She returned a short time later and asked “What do ya think.” which is much too casual of a statement for the nature of the establishment in the agent’s opinion.

A drink order was placed and made quickly (see food and beverage summary for details).  She did not use beverage napkins for the drinks even though there were beverage napkins neatly placed on the bar top nearby.

She did not report to the POS to start us a tab or place an itemized chit in front of us.  In fact, no guests at the bar had chits in front of them on the bar top.            

Approximately 35 minutes after the drinks were ordered Bar 1 rang in our drinks, printed the check and placed it in front of us on the bar in a check presenter.  The agent understands the house policy of providing guests a receipt after items are ordered but felt Bar 1’s method was more similar to auto dropping the check as it was presented in a presenter. Agent points out that this methodology is sieve of opportunity for bartender theft and suggests that management address it. Moreover, it's very cumbersome to "spot" for bartender theft if the bartender simply isn't ringing in drinks.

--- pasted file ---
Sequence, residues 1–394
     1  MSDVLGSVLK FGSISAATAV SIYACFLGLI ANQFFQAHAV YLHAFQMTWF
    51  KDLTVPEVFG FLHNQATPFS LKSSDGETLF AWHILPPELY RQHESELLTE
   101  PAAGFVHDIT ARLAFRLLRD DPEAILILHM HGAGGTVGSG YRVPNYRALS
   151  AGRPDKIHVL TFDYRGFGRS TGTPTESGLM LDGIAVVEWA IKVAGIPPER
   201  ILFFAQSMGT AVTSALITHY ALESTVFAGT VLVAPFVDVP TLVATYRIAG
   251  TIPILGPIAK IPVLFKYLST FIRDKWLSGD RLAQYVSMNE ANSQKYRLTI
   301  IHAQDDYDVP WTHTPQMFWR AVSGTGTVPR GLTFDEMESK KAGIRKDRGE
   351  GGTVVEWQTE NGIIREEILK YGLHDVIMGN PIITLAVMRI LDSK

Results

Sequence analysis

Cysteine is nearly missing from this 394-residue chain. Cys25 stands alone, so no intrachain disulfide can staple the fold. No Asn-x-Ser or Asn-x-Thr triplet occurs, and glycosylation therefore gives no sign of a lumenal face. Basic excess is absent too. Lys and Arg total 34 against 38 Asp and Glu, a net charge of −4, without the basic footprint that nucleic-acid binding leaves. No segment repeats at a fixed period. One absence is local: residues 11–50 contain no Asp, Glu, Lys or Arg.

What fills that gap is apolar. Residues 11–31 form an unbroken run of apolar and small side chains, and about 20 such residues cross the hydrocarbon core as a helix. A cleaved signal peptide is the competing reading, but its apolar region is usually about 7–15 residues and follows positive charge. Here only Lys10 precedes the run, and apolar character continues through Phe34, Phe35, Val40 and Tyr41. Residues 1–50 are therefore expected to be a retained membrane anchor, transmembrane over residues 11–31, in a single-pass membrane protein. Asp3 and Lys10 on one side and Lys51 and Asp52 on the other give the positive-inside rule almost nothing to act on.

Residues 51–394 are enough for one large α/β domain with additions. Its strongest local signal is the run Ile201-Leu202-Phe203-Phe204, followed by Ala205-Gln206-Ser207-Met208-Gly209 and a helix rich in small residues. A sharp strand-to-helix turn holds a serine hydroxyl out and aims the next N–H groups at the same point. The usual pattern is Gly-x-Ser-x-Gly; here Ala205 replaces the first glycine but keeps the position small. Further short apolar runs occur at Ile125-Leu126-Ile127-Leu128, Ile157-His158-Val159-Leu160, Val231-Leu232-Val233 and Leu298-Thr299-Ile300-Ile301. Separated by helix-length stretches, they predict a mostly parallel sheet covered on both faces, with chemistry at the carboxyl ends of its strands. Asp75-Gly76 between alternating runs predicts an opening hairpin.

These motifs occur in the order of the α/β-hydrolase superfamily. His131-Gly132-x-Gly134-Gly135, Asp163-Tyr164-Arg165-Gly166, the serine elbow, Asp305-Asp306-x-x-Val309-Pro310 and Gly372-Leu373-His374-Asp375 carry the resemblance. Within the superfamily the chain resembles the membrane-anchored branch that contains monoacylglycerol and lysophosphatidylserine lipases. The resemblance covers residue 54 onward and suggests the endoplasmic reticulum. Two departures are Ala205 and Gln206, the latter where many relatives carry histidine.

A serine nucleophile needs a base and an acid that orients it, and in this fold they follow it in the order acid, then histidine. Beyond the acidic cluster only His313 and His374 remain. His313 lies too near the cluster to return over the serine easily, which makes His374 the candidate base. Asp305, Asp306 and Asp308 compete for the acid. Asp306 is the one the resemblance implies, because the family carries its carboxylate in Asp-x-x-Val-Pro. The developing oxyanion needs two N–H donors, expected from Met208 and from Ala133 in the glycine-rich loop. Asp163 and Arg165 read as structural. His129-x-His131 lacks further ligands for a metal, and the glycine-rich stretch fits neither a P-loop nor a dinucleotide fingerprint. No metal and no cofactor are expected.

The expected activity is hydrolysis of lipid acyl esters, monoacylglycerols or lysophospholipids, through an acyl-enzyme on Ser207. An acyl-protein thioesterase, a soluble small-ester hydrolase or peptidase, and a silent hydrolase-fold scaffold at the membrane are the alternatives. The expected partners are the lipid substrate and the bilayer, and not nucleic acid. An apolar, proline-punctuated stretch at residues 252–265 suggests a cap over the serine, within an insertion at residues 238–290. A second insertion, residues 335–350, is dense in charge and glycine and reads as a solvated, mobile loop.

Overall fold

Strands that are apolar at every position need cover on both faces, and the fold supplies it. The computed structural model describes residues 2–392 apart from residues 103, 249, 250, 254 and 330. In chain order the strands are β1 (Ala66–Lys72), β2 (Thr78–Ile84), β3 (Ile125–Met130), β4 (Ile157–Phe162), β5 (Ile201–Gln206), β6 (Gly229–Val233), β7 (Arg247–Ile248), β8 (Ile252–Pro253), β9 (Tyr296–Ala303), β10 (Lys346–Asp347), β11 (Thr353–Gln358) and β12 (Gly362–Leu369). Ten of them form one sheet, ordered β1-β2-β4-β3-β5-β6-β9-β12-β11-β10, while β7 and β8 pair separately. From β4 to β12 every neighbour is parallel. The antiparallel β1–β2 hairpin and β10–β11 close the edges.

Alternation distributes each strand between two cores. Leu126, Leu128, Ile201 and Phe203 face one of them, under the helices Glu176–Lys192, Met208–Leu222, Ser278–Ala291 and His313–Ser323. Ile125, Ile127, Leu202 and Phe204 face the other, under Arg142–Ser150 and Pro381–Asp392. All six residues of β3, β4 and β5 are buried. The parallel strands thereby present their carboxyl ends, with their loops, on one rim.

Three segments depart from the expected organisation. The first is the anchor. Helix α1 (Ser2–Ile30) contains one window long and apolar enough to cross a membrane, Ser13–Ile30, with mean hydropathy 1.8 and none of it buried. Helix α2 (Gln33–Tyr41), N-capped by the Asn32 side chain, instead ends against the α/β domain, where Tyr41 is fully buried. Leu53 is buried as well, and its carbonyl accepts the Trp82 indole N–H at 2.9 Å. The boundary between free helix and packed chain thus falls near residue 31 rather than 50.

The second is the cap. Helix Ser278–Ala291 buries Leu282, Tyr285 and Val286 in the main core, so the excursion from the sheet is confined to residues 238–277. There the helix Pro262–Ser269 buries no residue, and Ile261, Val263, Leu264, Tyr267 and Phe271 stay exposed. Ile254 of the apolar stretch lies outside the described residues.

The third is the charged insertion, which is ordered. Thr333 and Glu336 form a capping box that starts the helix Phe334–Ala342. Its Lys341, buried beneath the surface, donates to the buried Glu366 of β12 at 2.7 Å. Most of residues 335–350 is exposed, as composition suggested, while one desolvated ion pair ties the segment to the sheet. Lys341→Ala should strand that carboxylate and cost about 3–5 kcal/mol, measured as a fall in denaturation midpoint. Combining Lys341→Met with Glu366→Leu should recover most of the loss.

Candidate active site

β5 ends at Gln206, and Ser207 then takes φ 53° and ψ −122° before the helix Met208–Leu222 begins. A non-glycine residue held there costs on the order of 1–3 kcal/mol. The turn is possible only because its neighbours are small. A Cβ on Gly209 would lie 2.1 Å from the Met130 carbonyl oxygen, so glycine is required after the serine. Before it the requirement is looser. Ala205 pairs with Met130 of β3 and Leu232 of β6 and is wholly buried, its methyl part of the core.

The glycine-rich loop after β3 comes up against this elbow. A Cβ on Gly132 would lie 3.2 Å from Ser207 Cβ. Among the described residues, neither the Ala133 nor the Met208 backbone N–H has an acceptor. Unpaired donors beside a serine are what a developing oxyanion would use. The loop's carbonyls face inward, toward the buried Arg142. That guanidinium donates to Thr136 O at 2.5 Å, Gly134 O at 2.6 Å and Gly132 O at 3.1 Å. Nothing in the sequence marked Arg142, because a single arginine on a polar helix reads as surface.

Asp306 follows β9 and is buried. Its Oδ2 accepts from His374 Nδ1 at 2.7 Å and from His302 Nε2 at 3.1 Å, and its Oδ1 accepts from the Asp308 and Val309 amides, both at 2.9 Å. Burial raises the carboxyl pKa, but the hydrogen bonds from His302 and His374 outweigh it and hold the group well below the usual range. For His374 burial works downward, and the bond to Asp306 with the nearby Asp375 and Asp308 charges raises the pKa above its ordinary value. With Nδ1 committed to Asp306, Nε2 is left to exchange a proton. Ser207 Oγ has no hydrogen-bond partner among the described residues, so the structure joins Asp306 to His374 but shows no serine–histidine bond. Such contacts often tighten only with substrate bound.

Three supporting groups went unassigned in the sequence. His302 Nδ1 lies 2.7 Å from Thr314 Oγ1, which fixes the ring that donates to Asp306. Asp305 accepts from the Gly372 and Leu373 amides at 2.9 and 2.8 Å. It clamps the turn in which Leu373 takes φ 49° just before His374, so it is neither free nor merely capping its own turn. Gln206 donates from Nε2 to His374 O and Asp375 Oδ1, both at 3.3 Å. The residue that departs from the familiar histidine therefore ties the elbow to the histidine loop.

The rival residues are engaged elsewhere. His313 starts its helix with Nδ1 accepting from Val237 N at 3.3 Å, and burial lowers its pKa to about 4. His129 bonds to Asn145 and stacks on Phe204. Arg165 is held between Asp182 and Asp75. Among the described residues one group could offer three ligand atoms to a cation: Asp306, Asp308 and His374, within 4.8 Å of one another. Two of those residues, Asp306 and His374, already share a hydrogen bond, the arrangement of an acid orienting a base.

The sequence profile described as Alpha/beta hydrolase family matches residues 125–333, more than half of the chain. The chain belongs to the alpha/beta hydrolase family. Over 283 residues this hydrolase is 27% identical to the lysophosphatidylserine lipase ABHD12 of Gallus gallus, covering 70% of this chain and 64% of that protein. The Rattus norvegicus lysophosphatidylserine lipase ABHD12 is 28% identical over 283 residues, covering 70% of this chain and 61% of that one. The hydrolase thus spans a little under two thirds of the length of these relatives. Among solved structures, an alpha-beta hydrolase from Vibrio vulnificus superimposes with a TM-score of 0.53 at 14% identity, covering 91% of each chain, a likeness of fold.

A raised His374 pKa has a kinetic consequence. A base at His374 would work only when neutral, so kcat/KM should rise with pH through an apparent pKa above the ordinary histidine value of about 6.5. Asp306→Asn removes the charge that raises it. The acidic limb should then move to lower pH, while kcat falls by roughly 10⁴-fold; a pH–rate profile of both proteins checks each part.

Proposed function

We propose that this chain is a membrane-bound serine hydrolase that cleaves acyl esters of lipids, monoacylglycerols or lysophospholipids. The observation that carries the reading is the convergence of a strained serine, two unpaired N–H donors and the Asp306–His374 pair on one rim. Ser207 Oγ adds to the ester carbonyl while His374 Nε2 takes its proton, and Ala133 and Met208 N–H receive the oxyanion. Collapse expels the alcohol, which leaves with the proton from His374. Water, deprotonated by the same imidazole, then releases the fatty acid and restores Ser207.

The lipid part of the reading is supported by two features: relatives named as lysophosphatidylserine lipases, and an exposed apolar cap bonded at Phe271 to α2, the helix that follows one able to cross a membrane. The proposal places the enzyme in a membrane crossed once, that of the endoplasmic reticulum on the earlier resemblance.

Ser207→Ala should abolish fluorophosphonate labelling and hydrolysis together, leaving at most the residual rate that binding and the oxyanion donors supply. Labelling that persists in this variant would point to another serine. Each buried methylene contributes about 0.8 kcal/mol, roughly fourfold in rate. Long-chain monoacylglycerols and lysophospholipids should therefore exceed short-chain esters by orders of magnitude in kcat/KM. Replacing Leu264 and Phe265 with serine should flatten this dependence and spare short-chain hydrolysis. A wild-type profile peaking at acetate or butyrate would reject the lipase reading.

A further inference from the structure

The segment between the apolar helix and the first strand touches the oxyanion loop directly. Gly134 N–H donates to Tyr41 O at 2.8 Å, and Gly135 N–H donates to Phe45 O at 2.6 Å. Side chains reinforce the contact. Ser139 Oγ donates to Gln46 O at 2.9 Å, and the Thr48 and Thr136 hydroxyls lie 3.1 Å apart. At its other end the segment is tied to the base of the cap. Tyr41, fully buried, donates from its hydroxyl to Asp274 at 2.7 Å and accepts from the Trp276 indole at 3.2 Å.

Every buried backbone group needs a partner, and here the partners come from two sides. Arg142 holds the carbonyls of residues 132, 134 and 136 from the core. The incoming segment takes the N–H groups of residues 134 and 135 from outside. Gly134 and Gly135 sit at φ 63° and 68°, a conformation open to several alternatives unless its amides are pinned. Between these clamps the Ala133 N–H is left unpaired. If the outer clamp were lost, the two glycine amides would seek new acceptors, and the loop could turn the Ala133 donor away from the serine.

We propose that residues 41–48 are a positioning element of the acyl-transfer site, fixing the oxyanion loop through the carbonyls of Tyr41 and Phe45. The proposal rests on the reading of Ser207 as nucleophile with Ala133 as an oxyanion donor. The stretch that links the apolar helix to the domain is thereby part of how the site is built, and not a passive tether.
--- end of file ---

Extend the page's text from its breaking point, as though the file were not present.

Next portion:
She did not ask us of another round was wanted and the agent’s beverage was nearly empty.

 The agent provided payment and it sat on the presenter for approximately 5 minutes before it was processed which surprised the agent since Bar 1 was so quick to drop the check she had no rush to process the payment for the agent.  She thanked us in-genuinely in the agent’s opinion and quickly picked up the presenter to collect her tip.